Pharmacogenomics: Drug-Gene Testing for Personalized Treatments

Pharmacogenomics: drug-gene testing

When patients are newly diagnosed with a specific condition, doctors must often try several drug therapies before settling on one that effectively manages the disease and its symptoms, while avoiding as many undesirable side effects as possible. A drug that works for one patient may not work for another.

One of the reasons for this variation is that a patient’s unique genes may affect how the body processes and responds to medications. Pharmacogenomics is the study of this relationship, and how to develop safe, effective drugs that are tailored to a person’s genetic makeup.

All Genes Vs. One Gene

Pharmacogenomics, which studies how all of the genes, or genome, can influence the response to a drug, is closely related to pharmacogenetics, which refers to how one single gene influences the response to a drug.

Personalized Medicine

In healthcare, one major goal is personalized medicine, which means providing individualized treatment. In order to achieve this goal, one must predict the clinical outcome of different treatments in different patients. Pharmacogenomics is one of the core elements in personalized medicine. Pharmacists are uniquely qualified to play an essential role in the clinical implementation of pharmacogenomics, as inter-individual variability can cause differing medication responses, doses and side effects.

Pharmacogenomics Testing

Patients can now undergo pharmacogenomics testing, in which a blood or saliva sample can help determine these factors. There are some limitations, however. One single pharmacogenomics test cannot be used to determine responses to all medications, not all medications have pharmacogenomics testing available and currently there are no pharmacogenomics tests for most over-the-counter drugs.

Gaining Momentum

Pharmacogenomics is a relatively new area of study, but it is rapidly gaining support among health care professionals, including those in the pharmaceutical industry. National pharmacy organizations support a pharmacist’s role in applying pharmacogenomics to patient care. The American Pharmacists Association (APhA) issued a report supporting the development and integration of pharmacogenomics into medication therapy management, and The American Society of Health Systems Pharmacists (ASHP) published a policy statement enforcing a need for all pharmacists to gain basic competence in pharmacogenomics.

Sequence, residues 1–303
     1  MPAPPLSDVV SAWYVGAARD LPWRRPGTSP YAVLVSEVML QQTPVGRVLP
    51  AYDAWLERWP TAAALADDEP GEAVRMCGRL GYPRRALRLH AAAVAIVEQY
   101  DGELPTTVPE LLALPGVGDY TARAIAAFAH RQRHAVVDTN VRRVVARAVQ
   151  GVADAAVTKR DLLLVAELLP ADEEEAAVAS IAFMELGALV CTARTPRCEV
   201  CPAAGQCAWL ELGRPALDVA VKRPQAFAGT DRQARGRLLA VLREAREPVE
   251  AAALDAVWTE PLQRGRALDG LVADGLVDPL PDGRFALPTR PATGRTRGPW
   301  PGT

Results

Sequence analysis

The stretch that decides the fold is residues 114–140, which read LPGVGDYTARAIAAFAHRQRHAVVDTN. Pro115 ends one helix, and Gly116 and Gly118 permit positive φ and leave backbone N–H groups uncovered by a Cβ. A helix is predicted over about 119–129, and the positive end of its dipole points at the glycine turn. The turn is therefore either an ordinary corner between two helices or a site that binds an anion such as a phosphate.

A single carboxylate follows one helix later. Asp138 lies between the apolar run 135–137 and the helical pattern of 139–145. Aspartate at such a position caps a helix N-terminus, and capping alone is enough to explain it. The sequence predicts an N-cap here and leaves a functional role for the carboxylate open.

Testing Costs and Coverage

Pharmacogenomics does not just yield better clinical outcomes, but can also offer considerable savings to health systems. Recent publications have demonstrated cost-effectiveness of pharmacogenetic-guided medication management in several clinical specialties including, psychiatry, cardiology, neurology and primary care.

The cost of testing varies depending on which test is done and what your insurance policy covers. Health care providers who offer this service should be able to provide an estimate. If you are concerned about cost, be sure to contact your insurance provider before testing.

Genetic Discrimination

A federal law called the Genetic Information Nondiscrimination Act (GINA) protects you against health insurance companies using your genetic information to discriminate against you. This protection does not extend to life insurance, disability insurance or long-term care insurance companies, but some state laws do address this.

Pharmacogenomics is a relatively new field of study, but is rapidly leading to advancements in drug therapies. Talk to your doctor if you are curious about getting tested, and they will help determine if it would be appropriate for your condition and treatment. 

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